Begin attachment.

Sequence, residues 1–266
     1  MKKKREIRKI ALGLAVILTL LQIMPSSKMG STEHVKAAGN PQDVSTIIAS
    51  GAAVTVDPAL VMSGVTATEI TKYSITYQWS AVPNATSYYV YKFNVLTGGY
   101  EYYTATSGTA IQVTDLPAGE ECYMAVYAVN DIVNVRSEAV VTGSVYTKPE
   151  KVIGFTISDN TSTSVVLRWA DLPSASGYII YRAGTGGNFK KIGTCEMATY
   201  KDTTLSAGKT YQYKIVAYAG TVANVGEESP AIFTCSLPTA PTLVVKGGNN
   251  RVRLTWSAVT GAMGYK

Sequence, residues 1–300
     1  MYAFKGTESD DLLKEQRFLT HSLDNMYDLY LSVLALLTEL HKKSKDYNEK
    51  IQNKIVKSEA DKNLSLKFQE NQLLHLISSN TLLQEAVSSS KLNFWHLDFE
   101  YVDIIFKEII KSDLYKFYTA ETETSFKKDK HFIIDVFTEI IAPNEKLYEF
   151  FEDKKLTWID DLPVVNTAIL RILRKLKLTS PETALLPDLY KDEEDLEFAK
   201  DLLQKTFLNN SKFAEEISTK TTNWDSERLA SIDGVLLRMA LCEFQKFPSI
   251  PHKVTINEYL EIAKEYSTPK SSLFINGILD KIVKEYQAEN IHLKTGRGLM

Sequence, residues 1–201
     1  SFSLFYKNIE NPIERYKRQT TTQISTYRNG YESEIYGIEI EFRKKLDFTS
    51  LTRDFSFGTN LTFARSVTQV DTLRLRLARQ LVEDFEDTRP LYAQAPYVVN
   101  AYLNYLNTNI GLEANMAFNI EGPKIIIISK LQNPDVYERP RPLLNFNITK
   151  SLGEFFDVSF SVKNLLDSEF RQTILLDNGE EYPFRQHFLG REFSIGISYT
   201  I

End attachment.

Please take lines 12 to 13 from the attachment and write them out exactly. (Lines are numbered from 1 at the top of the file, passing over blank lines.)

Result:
   151  FEDKKLTWID DLPVVNTAIL RILRKLKLTS PETALLPDLY KDEEDLEFAK
   201  DLLQKTFLNN SKFAEEISTK TTNWDSERLA SIDGVLLRMA LCEFQKFPSI